Childhood Obesity

Childhood Obesity and its Devastating Consequences

Several studies in Malta have repeatedly shown unacceptably high levels of overweight and obesity and this trend is clearly on the increase. A study performed about seven years ago showed that by school-entry (around 5 years of age), a third of children in this country are overweight or obese. Since humanity has not changed, this must be due to changes in our environment and the way that we relate and react to it. Most of the problem is caused by greater relative affluence, the easy availability of cheap and unhealthy foods, urbanization, and very importantly, alterations in types of foods consumed and a reduction in physical activity.

Unfortunately, obese parents tend to produce obese children. Obese mothers also tend to have impaired glucose tolerance or even diabetes in pregnancy, and this produces fat babies who are naturally at risk of becoming obese. It is estimated that if one parent is obese, their children have a 30% risk of being obese, and if both parents are obese, this risk climbs to 60%. Obesity has a direct health impact leading to disease and therefore, obesity is a disease. For example, in the United States, it is estimated that obesity causes almost 8% of all deaths and these are not only cardiovascular deaths (such as stroke and heart attack) but also cancer deaths, as obesity also predisposes to cancers of a surprising variety of types.

It is important to reinforce the point that fat children become fat adults who produce more fat children. Puppy fat is also a myth as it has been unequivocally shown that children who enter puberty when fat will remain or return to being fat. Furthermore, the earlier the age of onset of obesity in childhood, the greater the likelihood of obesity and its complications in adulthood.

Obesity, in some respects, is like smoking, in that once fat, after slimming, the likelihood of regaining excessive weight is quite high, just like smokers who have a high chance of relapsing back to smoking after stopping smoking.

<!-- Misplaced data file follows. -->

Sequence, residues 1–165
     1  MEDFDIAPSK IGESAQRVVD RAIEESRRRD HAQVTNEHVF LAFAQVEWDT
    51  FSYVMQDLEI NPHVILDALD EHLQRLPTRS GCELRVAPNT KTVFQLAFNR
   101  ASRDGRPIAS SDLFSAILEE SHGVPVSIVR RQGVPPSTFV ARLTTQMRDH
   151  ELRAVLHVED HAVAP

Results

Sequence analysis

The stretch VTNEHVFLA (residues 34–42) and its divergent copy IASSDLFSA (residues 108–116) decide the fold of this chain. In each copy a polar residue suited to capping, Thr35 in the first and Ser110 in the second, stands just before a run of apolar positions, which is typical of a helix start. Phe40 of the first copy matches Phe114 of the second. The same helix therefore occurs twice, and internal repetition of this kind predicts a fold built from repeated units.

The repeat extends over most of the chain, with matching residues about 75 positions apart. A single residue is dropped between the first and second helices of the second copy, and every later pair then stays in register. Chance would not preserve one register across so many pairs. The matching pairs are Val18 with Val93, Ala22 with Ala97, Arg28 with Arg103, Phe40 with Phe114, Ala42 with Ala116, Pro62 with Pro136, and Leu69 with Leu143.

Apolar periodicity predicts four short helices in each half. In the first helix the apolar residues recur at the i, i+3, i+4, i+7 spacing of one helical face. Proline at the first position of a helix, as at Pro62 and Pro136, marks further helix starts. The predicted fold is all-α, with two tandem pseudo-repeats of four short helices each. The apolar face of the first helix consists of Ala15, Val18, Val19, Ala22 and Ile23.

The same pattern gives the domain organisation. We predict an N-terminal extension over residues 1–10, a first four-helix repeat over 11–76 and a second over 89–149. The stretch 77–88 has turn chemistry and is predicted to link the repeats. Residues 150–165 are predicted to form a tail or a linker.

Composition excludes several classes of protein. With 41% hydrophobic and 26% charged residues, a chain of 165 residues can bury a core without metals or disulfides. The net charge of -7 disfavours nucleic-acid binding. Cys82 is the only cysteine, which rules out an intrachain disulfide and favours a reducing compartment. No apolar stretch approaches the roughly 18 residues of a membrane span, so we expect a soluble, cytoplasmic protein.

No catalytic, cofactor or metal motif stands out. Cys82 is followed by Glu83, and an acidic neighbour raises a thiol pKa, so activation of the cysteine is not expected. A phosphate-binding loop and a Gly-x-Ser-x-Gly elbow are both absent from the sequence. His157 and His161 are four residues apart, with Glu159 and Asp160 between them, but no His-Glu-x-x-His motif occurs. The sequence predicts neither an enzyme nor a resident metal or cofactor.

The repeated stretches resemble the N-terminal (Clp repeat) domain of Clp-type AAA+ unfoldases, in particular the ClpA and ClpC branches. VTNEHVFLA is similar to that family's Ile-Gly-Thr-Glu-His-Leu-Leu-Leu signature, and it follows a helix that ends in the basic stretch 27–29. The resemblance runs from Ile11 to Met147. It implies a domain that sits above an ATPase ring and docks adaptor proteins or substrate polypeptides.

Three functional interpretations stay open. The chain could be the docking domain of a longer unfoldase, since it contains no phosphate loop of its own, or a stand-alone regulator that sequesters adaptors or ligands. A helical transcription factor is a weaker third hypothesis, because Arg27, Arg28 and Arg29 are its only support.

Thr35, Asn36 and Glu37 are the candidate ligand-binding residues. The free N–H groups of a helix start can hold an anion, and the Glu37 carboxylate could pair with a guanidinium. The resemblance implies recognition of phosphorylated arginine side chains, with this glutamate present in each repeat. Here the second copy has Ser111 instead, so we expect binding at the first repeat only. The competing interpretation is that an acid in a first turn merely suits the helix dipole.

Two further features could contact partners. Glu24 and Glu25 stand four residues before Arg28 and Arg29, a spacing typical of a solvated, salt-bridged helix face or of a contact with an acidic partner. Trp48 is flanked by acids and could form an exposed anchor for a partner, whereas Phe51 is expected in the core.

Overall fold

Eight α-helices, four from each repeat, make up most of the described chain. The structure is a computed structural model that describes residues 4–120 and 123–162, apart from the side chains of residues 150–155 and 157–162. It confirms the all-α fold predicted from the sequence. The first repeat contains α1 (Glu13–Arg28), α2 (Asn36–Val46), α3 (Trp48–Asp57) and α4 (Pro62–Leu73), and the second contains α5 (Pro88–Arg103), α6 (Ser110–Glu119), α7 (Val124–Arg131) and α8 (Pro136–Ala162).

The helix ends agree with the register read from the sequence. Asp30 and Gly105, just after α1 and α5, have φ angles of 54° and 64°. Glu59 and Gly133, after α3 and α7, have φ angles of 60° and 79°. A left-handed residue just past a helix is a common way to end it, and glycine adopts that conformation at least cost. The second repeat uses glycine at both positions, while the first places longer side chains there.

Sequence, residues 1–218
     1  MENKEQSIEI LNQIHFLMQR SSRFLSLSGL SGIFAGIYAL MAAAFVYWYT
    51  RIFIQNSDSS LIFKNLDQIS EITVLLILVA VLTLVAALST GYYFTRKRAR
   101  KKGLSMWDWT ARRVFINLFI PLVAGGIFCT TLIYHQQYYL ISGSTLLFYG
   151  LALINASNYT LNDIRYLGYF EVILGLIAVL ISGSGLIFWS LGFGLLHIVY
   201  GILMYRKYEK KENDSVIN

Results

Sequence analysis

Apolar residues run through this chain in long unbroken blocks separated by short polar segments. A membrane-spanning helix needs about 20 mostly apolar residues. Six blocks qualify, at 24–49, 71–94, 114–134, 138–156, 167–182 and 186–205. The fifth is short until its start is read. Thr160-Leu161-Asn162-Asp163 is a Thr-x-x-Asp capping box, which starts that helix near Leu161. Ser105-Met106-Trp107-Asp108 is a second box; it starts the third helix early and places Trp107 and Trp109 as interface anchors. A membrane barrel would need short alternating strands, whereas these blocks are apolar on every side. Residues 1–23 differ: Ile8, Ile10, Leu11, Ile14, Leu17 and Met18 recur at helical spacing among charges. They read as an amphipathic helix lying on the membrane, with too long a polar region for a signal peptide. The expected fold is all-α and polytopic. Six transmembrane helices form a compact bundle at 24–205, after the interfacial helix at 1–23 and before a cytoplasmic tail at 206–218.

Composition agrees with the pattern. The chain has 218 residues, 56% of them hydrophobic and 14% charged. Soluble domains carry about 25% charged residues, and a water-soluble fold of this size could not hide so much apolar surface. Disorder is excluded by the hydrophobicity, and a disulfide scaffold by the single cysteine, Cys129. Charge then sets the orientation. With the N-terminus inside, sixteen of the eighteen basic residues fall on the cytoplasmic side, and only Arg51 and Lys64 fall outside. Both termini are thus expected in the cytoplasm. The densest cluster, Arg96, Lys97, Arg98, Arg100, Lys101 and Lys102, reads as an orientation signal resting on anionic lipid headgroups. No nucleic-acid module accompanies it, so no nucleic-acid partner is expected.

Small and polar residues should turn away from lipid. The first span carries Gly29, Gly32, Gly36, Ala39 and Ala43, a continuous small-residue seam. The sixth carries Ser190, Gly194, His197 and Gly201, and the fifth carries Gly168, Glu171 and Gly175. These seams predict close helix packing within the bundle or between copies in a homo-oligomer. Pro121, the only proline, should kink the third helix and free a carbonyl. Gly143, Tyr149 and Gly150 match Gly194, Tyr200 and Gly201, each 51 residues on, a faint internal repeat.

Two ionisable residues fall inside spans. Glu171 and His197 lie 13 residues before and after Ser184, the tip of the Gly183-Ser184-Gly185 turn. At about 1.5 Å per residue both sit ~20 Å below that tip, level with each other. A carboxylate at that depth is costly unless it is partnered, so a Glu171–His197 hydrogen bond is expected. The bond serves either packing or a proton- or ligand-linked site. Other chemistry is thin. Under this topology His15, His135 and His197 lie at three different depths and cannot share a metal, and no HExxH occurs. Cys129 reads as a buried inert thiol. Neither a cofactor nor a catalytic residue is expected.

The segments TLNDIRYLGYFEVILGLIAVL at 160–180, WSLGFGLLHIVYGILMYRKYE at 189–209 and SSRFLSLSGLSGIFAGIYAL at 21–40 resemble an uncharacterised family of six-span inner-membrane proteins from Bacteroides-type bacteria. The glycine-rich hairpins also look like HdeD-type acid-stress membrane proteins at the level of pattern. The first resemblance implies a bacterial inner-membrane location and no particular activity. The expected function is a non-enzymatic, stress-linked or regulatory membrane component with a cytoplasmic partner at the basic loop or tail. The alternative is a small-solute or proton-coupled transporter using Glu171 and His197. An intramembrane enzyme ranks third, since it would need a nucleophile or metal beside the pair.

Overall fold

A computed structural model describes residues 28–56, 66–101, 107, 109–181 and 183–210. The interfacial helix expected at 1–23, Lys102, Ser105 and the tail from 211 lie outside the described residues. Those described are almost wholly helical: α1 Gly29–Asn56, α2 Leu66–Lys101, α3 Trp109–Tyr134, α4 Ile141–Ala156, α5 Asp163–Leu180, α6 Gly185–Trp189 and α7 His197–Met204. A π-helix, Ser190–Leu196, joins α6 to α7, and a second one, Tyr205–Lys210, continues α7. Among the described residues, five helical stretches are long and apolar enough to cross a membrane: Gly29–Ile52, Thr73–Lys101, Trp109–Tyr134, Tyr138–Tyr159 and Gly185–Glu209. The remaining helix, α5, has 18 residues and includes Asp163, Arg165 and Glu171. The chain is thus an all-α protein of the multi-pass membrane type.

Insurance companies estimate that overall, obesity shortens life, on average, by over 5 years for males and by over 7 years for females.

It is impossible to lay a detailed strategy to deal with this problem, but for the vast majority of individuals, an appropriate diet that concentrates mainly on fruit and vegetables, and an appropriate level of daily exercise, will suffice to prevent and to control overweight and obesity.

Apart from the cost to the individual, obesity also costs the community a significant amount. For example, it is conservatively estimated that obesity accounts for 16% of the global burden of disease and 2-7% of global health care expenditure. To give just one country as an example, the current US annual cost for treatment of obesity and related complications is over €58 billion, and over €33 billion for the EU. When we catch up with the US (which will be soon with the current obesity epidemic affecting our children), the cost to the Maltese taxpayer will be €78.3 million per annum (Maltese population just over 400,000. US population 298,444,215).

It should be amply clear by now that prevention is crucial, hence children must be targeted with healthy eating and healthy lifestyle campaigns.